Couples in the US are reportedly raising cash from their wedding guests for housing and other expenses, according to wedding planning websites like Zola and The Knot, according to a report.
Housing related cash registries have doubled on Zola since 2019. Over 2 million couples have used the service since its inception in 2013, with three-quarters of them requesting cash for their expenses, the Financial Times reported.
After honeymoons, funds for new homes and repairs and renovations are the second most popular ones on The Knot, the website that surveys over 300,000 brides, grooms, guests and wedding planners every year.
“With everything that we’ve experienced when it comes to inflation and the housing market, people are really reflecting on how they want to use their registry,” said Esther Lee, deputy editor at The Knot, in a conversation with the Financial Times.
Home ownership is closely related to marital status. 79% of married couples in the US owned a home together in 2020 as compared to the national average of 66%, according to US census data. Couples can live in dwellings designated as “single family homes” and receive marital deductions, with their legal status change.
Mortgage rates have more than doubled since the beginning of 2021, in an attempt by the Federal Reserve to control inflation. Price appreciation is also making the housing market difficult for new couples to penetrate.
The average 30-year fixed mortgage touched 6.29 % last week, with an average increase of 2.88%, a 14-year high according to Freddie Mac, a federal home loan mortgage company. The median installment on mortgage applications in August came down to $1,839, a surge of 43% from last year, according to the numbers from Mortgage Bankers Association.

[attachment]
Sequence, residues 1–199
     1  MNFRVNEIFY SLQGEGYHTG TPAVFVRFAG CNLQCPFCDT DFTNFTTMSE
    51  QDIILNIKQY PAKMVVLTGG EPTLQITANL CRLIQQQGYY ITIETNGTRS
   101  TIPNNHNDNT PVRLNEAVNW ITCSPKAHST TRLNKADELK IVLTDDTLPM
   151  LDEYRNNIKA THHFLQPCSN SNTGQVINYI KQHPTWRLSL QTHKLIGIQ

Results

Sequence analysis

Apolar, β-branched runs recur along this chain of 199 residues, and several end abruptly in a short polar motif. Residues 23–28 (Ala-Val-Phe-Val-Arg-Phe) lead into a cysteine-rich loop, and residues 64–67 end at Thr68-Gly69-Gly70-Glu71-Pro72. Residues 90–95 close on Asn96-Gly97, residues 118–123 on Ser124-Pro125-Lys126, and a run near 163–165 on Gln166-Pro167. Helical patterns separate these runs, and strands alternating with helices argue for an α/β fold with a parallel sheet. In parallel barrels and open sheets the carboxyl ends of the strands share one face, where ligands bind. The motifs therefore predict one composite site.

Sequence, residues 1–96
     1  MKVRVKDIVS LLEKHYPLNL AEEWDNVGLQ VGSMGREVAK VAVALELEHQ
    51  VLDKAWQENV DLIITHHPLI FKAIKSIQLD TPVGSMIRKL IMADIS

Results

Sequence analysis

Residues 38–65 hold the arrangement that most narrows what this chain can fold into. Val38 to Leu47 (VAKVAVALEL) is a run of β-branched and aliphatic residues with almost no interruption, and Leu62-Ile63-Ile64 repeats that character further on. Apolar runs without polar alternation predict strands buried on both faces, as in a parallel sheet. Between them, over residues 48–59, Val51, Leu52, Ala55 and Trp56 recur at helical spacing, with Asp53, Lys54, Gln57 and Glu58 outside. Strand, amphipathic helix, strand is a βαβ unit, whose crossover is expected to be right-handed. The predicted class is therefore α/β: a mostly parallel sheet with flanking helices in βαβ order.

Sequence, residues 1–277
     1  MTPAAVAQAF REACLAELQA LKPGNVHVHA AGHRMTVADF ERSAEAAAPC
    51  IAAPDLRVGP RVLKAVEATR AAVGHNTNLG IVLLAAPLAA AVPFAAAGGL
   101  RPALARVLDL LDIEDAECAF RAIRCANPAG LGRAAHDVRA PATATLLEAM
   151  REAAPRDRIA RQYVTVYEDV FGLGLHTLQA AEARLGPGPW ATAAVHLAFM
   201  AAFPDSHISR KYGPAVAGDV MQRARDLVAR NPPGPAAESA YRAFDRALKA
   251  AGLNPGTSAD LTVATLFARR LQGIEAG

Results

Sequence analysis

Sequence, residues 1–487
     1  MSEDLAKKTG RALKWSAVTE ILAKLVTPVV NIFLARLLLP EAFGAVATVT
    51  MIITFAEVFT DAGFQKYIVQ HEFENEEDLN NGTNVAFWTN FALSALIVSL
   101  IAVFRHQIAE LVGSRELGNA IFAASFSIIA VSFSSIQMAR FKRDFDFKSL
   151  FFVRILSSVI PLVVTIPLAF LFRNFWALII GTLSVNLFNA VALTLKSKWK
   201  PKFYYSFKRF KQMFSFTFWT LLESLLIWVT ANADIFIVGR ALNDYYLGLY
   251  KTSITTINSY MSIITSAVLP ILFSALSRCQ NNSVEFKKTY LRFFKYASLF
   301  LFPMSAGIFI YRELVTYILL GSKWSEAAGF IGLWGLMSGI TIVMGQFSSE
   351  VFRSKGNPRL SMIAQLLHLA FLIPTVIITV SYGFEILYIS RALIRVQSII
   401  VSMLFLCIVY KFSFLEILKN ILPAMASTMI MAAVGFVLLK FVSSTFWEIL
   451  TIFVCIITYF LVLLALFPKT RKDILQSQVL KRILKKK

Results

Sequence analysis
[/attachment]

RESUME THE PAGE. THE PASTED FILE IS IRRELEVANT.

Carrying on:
Wedding guests are contributing to the homeowners’ dreams, providing a little ease to newly wed couples by contributing $175-$200 on average for those who register on wedding planning websites, according to the FT.
“Guests really want to give to these new home funds and they’re willing to give just a little bit more to help out a couple get that first home,” said Zola spokeswoman Emily Forrest.
A Michigan-based couple raised $10,000 for a mortgage down payment last year through their wedding registry, in a ceremony postponed to 2021, with an intimate wedding gathering in 2020 during the peak pandemic.
Roughly one-third of their guests contributed instead of getting one of the more traditional gifts on the couple’s registry, such as an All-Clad cookware set, according to the couple.
Another couple based out of New York raised $30,000 for their home mortgage this year.